What is endodontics?
Endodontics is a branch of dentistry recognized by the American Dental Association involving treatment of the pulp (root canal) and surrounding tissues of the tooth. When you look at your tooth in the mirror, what you see is the crown. The rest of the tooth, the portion hidden beneath the gum line, is called the root. Though the outer portion of the root is a hard tissue called dentin, the inside channel or “root canal” contains a pulp of soft tissue, blood vessels and nerves. Bacteria that are introduced into the pulp as a result of tooth decay, periodontal disease, tooth fracture or other problems, can severely damage the pulp. When that happens, an endodontic specialist, such as Dr. Cabrera or Dr. Clark, removes the diseased pulp to save the tooth and prevent further infection and inflammation. After successful endodontic treatment, the tooth continues to perform normally.
Why should I see an Endodontist?
Experience: On average, endodontists perform nearly 25 root canal treatments a week, while general dentists perform less than two.
Efficiency: Because they limit their practice solely to endodontic treatment, endodontists are efficient and precise. This equates to positive experiences and faster healing.
Availability: Most endodontists offer tremendous flexibility in accommodating emergency cases, so delays in treatment are kept to a minimum and patients can be relieved of dental pain quickly.
Advanced Technology: Endodontists use state-of-the-art technology such as operating microscopes, digital imaging, ultrasonic instrumentation and 3D imaging, to treat their patients quickly and comfortably.
Today, getting root canal treatment is often no more uncomfortable than having a filling.
If you’re experiencing tooth pain, whether sharp and throbbing or dull and achy, it can be difficult to bite and chew, concentrate, get through the day, even sleep at night, no matter what over-the-counter medication you take for some relief.
The source of tooth pain may be dental decay, a cracked tooth, or an infection. Regardless of the cause, if you have ongoing pain it’s time to see an endodontist for a consultation and possible treatment.
Dr Cabrera is Board Certified. What does this mean?
To become specialists, endodontists have two to three years of additional education in an advanced specialty program in endodontics after completing four years of dental school.
Only 23% of endodontists voluntarily become Diplomates which is achieved through a rigorous examination process.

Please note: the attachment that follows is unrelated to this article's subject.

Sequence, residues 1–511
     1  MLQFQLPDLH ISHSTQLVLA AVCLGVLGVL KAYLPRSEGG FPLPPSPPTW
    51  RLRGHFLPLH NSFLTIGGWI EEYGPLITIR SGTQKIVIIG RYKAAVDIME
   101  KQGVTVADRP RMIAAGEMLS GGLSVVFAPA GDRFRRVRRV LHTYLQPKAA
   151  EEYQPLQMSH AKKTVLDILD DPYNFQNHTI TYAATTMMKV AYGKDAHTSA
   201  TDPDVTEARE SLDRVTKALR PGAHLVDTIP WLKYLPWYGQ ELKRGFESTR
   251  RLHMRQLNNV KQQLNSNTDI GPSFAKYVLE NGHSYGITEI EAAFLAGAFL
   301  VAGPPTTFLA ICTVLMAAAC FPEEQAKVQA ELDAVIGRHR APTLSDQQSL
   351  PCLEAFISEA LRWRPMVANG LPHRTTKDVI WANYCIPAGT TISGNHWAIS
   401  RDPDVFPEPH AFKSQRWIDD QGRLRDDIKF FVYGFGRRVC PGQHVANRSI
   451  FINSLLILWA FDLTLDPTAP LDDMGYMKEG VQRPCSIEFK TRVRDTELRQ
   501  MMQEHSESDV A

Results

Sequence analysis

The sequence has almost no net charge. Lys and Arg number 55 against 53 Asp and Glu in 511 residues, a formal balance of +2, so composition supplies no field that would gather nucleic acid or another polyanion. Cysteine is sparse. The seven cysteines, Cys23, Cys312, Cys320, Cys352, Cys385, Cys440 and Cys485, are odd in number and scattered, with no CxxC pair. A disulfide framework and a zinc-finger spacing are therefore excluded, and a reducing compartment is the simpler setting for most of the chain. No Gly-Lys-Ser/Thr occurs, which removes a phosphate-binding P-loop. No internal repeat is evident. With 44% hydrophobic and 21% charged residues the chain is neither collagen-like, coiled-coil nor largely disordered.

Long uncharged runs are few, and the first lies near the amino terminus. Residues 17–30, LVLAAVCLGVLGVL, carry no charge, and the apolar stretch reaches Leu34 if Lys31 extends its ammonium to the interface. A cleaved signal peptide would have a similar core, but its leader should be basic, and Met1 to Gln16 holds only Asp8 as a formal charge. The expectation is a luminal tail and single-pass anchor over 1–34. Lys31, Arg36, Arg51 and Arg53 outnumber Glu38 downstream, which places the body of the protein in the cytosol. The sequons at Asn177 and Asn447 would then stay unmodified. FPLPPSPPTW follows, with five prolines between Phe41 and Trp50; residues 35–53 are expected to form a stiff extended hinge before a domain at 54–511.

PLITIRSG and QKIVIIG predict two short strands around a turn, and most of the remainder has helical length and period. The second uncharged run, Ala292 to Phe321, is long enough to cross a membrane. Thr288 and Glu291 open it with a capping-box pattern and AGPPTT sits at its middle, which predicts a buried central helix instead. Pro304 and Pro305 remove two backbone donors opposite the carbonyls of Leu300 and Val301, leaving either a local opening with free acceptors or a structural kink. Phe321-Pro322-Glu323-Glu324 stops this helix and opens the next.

Diplomate of the American Board of Endodontics places you in a distinguished group of endodontists who have demonstrated exceptional knowledge and skill, dedication to continued professional growth, and a commitment to providing the highest quality of patient care. In fact, the practice of Endodontics as a recognized specialty of the ADA is reliant upon individuals who achieve Board certification.
Fellow of the Royal College of Dentists in Endodontics means he has passed the National Dental specialty Examination (NDSE) in Endodontics.
I’m worried about x-rays. Should I be?
No. While x-rays will be necessary during your endodontic treatment, we use an advanced non-film computerized system, called digital radiography, that produces radiation levels up to 90 percent lower than those of already low dose conventional dental x-ray machinery. These digital images can be optimized, archived, printed and sent to cotherapists via e-mail or CD-ROM. For more information contact Sirona Dental Systems, Inc.
What about infection?
Again, there’s no need for concern. We adhere to the most rigorous standards of infection control advocated by OSHA, the Centers for Disease Control and the American Dental Association. We utilize autoclave sterilization and barrier techniques to eliminate any risk of infection.
What happens after root canal treatment?
When your root canal therapy has been completed, a record of your treatment will be sent to your restorative dentist. You should contact his office for a follow-up restoration within a few weeks of completion at our office. Your restorative dentist will decide on what type of restoration is necessary to protect your tooth. It is rare for endodontic patients to experience complications after routine endodontic treatment or microsurgery. If a problem does occur, however, we are available at all times to respond.
What new technologies are being used?
Intraoral Digital Radiography, 3-D radiographic images (Cone Beam Computed to Tomography), and Operating Microscopes.